Chef Ikuei Arakane (Kinsan)
Bridging Cultures Through Cuisines
What started with a culinary book in his childhood, grew into a career for Chef Ikuei Arakane. By the age of 15, Kinsan saw himself as a chef and began working in Japan's fish markets. Nine years later, he came to Australia as a trained Teppanyaki chef in 1987, setting him on a journey towards becoming a highly rated chef and trainer of Asian cuisine in Australia.
In 2004, Paul Mathis invited Kinsan to become the head chef of Taxi in Federation Square, which went on to win AGE Good Food Guide's "Restaurant of The Year" title in 2006. Kinsan would later go on to start his own hospitality consultancy business and open his own Japanese charcoal grill bar, WASSHOI in Prahran Market.
While working in the rich culinary landscape of Australia, Kinsan became curious about the various food characteristics and influences from other countries. Interested in broadening his knowledge in Asian cuisine,he joined the "Pan Asian Cooking Group" to learn more and share his knowledge.
"There's a story behind every food and recipe. I intend to share my culinary knowledge to a next-generation of chefs and the people of Australia," said Kinsan. "Through this sharing of food knowledge, I believe that theAsian communities will be able to forge a stronger bond with Australians."
Kinsan's Winning Tip:
With his experience in Australia's culinary scene, Kinsan believes that presentation plays a key part for a winning dish, and that soy sauce is a mutual ingredient in Asian cuisine that brings an added kick to the dish.
Chef Mod Pittayarat
Chef on a Mission
Professionally trained at Melbourne's prestigious William Angliss Institute, Chef Mod Pittayarat rose to the head chef and manager role for Melbourne-based restaurant, Chili Padi. With his wealth of experience, Mod moved back to his hometown of Bangkok. There he took up the position of sous chef for the Marriott.
In addition to that, Mod contributed to local Thai cuisine as a professional culinary trainer, instructor and consultant for various local organisations. In 2017, Mod returned Down Under as a chef with a mission to introduce authentic Thai food and culture to Australians.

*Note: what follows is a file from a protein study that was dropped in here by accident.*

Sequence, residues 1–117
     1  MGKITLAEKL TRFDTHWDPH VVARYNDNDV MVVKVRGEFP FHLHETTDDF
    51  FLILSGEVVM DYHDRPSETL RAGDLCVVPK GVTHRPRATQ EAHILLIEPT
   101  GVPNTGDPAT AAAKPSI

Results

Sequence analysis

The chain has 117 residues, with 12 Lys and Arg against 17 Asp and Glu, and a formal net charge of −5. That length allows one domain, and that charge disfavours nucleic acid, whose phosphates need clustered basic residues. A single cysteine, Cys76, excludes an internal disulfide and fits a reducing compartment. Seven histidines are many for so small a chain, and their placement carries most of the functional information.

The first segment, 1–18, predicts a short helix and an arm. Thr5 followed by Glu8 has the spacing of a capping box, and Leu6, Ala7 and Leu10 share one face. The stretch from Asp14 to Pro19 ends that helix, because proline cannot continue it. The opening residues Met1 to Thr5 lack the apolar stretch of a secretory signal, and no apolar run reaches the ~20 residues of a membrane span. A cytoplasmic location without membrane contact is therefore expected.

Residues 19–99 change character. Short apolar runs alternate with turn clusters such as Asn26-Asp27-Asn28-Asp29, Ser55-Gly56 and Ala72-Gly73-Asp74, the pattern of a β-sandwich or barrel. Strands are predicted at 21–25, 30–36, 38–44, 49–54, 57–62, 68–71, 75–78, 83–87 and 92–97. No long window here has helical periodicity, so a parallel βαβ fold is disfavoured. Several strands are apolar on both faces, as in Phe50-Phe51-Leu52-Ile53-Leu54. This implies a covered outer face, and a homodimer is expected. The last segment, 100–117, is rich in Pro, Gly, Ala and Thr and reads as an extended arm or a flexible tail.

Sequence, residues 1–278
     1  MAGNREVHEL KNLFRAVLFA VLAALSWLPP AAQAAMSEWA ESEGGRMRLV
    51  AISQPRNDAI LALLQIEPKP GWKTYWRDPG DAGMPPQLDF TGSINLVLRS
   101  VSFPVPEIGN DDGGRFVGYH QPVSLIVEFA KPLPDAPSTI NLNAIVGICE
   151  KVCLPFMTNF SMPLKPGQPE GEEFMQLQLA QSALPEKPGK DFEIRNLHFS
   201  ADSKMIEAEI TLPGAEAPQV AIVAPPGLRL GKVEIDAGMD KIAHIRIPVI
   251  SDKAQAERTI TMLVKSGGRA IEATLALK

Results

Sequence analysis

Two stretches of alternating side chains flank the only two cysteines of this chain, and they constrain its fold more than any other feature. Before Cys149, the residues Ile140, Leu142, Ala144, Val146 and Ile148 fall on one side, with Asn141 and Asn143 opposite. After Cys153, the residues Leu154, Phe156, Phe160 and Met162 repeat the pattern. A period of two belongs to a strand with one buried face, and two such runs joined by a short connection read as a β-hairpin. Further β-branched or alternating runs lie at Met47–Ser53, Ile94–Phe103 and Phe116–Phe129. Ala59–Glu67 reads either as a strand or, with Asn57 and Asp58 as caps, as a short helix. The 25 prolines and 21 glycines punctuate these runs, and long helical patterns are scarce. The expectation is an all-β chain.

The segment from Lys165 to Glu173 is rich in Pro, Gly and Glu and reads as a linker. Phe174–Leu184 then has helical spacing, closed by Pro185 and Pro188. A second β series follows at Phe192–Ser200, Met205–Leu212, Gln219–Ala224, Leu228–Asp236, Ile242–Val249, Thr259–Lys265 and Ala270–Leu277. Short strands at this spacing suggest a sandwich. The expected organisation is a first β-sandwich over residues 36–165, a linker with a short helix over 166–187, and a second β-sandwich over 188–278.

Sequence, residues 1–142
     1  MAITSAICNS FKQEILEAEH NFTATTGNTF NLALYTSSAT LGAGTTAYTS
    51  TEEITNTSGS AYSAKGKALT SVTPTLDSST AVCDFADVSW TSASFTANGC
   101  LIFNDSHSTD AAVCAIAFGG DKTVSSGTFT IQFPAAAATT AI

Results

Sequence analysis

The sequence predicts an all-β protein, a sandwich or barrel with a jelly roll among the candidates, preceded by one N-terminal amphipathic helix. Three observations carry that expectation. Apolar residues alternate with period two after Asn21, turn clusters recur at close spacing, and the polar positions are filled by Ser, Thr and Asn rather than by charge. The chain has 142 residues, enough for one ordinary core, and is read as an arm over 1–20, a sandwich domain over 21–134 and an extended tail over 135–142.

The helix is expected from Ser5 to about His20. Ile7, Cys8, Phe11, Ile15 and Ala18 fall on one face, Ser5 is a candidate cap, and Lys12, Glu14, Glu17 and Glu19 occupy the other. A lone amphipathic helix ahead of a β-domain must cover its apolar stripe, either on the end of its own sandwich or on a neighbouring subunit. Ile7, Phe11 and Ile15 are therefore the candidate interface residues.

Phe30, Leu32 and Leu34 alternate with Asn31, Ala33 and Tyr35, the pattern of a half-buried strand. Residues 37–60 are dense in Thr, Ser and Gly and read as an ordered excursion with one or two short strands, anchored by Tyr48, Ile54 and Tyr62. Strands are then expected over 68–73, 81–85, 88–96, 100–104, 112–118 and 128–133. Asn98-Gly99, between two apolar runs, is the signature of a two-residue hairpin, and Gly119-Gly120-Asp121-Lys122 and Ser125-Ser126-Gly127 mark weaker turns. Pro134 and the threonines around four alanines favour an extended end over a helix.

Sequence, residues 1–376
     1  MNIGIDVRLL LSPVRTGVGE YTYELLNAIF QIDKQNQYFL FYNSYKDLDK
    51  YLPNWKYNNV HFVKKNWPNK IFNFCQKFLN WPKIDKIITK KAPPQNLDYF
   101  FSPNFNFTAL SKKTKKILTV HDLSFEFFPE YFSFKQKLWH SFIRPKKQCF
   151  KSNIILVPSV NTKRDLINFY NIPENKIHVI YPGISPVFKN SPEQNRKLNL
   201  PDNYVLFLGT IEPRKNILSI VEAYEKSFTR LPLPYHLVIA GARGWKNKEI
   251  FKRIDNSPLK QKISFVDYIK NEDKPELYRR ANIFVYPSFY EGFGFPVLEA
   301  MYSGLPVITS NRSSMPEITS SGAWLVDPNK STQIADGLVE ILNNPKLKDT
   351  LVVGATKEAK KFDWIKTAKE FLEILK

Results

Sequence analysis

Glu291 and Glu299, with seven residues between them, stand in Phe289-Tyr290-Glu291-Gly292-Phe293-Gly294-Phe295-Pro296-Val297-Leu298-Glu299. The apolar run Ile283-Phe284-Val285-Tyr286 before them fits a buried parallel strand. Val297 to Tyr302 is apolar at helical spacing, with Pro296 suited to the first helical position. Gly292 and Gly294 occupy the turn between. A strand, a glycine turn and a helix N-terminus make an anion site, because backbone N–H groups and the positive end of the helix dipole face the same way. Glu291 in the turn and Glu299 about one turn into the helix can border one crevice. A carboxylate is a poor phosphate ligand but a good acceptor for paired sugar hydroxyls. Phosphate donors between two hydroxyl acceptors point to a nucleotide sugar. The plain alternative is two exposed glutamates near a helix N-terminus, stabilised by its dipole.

"It is my life's mission to introduce traditional Thai foods and authentic flavours to the Australian people because I believe that Thai cuisine has much to offer and greatly enrich their gastronomic experience," said Mod.
Mod's Winning Tip:
For Mod, his idea of a winning dish is one that strikes a balance between all flavours, as well as having the right amount of protein, carbohydrates, vegetables, and sauce. At the end of the day, Mod believes that there are no strict rules about incorporating Asian flavours into your cooking, so long as it makes you happy.
Founder of Baba's Wife
From a young age, Karen Chan gained a keen interest in cooking from watching her family cook at home. So much so, that she started imitating them in her playtime as a child. Encouraged by her enthusiasm, her parents helped foster an interest in cooking.
When Karen moved from her native Malaysia to Melbourne in 1999, she found that many Malaysian restaurants did not serve Peranakan dishes like tamarind-based curry Assam Fish, Achar, or traditional Nyonya cakes. This prompted Karen to create her own traditional Malaysian dishes, inspired by the dishes cooked by her family in her formative years. Besides cooking for herself, she also shared these dishes with friends at home parties.
Inspired by the popularity of her creations, Karen started her own home-based catering business, Baba's Wife. Her business specialises in offering traditional Peranakan food and not-so-readily available traditional Nyonya cakes – otherwise known as "kuih".
"Though food has been an integral part of my upbringing, it isn't as important as the meal itself," said Karen. "Meals bring people together, even if the meal isn't that delicious, friends and family will still come together to have a dinner-table conversation."
Karen's Winning Tip:
For Karen, plating a winning dish is all about laying out the elements and positioning it so that the dish appears enticing and luxuriant. Also, by adding a little colour, like sprinkling green herbs and red chillies, one can easily liven up their dish's appearance.